New Law Limits HOA Power to Restrict Renting
Recent changes in Arizona law give landlords more freedoms when renting out homes or units that are subject to a homeowner or condo association.
Arizona legislation that went into
effect in July 2014 places a number of restrictions on homeowner
in regulating the owners of rental properties. Following are
more important changes to
A.R.S. § 33-1260.01.
Right to Rent. Under the new law, any
owner may use their unit as a rental property unless it is
expressly prohibited in the declaration of covenants, conditions
and restrictions (CC&Rs). A unit owner must comply with any
rental time period restrictions contained in the CC&Rs.
Rental Agent. A unit owner can authorize
a third party to act as the owners agent for matters involving
the rental unit, by providing the homeowner association (HOA)
with a written and signed designation. This includes all matters
involving the rental unit except for voting in HOA elections and
serving on the board of directors. If a unit owner has
designated a third party as his agent, any notice to the third
party regarding the rental unit will constitute notice to the
Tenant Information. If an HOA requests
information about a tenant, the owner is required to disclose
only certain information:
the name and contact
information for any adults occupying the unit,
the time period of the lease
(including the beginning and end dates of the tenancy), and
a description of the license
plate numbers of the tenants' vehicles.
An owner is not required to provide any
other information regarding the tenant, even if provisions in
the CC&Rs or the HOAs governing documents state otherwise. The
only exception is if the unit is subject to age restrictions. In
that case, either the unit owner, the
unit owners agent, or the tenant must show a government-issued
photo ID to prove the tenant meets the age restrictions or
Tenant Fee. An HOA may charge a fee of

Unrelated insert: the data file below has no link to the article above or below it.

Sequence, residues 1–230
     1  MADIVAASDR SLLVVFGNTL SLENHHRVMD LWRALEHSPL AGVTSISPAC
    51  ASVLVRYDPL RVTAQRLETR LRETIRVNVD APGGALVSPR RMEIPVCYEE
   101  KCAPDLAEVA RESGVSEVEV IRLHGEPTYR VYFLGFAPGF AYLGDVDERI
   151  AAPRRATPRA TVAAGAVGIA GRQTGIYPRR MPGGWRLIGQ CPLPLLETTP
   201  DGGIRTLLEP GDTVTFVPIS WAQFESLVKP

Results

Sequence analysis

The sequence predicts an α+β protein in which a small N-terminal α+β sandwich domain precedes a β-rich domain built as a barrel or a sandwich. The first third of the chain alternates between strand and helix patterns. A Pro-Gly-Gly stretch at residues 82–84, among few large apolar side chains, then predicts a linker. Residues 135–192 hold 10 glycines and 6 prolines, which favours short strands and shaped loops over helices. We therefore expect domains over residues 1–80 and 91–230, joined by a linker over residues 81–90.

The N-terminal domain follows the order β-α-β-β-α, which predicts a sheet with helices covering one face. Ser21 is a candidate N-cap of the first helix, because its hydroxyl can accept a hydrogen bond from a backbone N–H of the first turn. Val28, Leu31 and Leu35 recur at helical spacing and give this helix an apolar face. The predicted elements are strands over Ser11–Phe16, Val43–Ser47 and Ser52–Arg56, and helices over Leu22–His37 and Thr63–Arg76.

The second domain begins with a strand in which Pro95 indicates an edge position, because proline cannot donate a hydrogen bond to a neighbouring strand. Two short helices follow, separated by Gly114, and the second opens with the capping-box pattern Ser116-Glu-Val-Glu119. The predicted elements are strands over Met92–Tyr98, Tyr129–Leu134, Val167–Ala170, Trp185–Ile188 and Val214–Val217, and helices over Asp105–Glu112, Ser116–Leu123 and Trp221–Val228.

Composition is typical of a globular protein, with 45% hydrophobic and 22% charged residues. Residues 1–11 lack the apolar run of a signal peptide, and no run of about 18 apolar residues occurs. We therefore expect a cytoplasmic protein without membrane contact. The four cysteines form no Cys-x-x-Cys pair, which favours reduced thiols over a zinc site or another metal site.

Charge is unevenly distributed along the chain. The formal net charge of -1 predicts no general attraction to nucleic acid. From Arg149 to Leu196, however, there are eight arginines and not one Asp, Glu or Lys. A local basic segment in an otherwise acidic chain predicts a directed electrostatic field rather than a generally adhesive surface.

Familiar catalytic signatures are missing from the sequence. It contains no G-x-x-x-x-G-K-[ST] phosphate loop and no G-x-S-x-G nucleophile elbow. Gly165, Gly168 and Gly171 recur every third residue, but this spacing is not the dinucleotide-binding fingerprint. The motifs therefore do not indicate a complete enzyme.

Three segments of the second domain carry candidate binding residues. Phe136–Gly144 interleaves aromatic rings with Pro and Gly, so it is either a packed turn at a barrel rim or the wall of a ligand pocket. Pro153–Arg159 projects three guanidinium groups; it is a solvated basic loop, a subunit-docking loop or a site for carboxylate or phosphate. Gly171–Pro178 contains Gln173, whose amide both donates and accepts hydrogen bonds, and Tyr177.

no more than $25 for each new tenancy in a rental unit. This fee
may not be charged for lease renewal. The fee, if charged, must
be paid in full within 15 days after the request was postmarked.
An HOA is not permitted to charge a unit owner or tenant any
other extra or special fees. Any fees, fines or requirements
imposed must be related to the use of recreational facilities or
be in conformity with every other owner-occupied unit in the
HOA. A fee or penalty charged by an HOA will be considered void
if it is in violation of this law.
Prohibitions. An HOA is prohibited from
doing the following, even if the governing documents state
Requiring a unit owner to
provide the association with a copy of the tenants rental
application, credit report, lease agreement, rental contract, or
other personal information (unless that information is
separately required by law). An HOA may still acquire a tenants
credit report through other means in order to collect a debt.
Requiring a tenant to sign a
waiver or other document limiting the tenants due process
rights as a condition of the tenant occupancy in the rental
Prohibiting or restricting a
unit owner from serving on the board of directors because the
owner is not an occupant of the unit.
Charging the unit owner or
managing agent a fee, fine, assessment or penalty greater than
$15 for failing to provide the information regarding the tenant
discussed above. A fee or penalty charged by an HOA will be
considered void if it is in violation of this law.
Should you have any questions about the
provisions of the new law or any other HOA-related issues,
Steve Benson (480-425-2607 or
Harris (480-425-2646 or
 In this article, all references to
“homeowner association” or “HOA” generally include
homeowner associations, condo
associations and other forms of community associations.